Hunting Under the Influence

Even when it isn't hunting season, hunters are busy preparing it, but because the West Virginia legislature meets during the off-season, preventing hunting accidents hasn't been as much a priority as other issues.

Now, however, the House of Delegates has approved a bill making the killing of anyone who kills another person while hunting under the influence of drugs and alcohol.

"It's not on the books?" asked an amazed Jim Coventry. "Well, it should be. No one should be out hunting who's drinking or intoxicated."

"The ones I know are true hunters and they don't drink," said Barbara McBride. "They don't believe in it also."

The standard for intoxication would be the .08 legal limit recently signed into law by Gov. Bob Wise. The penalty would be as much as three years in prison, and a fine of up to $20,000.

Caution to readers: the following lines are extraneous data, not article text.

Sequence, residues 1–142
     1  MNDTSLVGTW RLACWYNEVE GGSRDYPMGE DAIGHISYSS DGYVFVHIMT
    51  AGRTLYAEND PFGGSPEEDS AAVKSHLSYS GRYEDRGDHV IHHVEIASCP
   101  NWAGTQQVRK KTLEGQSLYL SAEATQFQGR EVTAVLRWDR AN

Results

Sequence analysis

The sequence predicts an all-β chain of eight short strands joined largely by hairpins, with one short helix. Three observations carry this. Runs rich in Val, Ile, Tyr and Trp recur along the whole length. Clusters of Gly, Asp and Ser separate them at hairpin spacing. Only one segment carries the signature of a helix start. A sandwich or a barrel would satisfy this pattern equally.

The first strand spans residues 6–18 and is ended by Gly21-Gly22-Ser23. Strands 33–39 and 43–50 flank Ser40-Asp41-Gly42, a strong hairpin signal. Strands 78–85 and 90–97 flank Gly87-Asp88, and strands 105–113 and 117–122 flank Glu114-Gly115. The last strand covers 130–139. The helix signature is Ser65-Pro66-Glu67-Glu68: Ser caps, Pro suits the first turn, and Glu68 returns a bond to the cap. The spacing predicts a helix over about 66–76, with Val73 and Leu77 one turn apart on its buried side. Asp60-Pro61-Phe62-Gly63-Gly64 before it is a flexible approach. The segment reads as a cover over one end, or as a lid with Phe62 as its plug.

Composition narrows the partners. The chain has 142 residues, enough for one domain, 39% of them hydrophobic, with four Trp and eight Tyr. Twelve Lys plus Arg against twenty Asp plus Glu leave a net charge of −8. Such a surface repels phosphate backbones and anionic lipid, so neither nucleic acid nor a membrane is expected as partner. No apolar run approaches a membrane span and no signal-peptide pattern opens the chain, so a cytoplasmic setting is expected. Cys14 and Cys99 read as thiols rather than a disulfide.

To be sure, most hunting accidents aren't the result of people under the influence, but sponsors of the bill say there is a difference between a truly accidental shooting, and one in which drinking was a factor.

"I have brothers who hunt," says Linda Delaney. "They're pretty safe. They know where they're hunting and who they're hunting with."

Wounding rather than killing someone would be a misdemeanor. That would be punishable by a one-year sentence, and a fine of up to $15,000.

Existing law makes negligent killing while hunting a misdemeanor.


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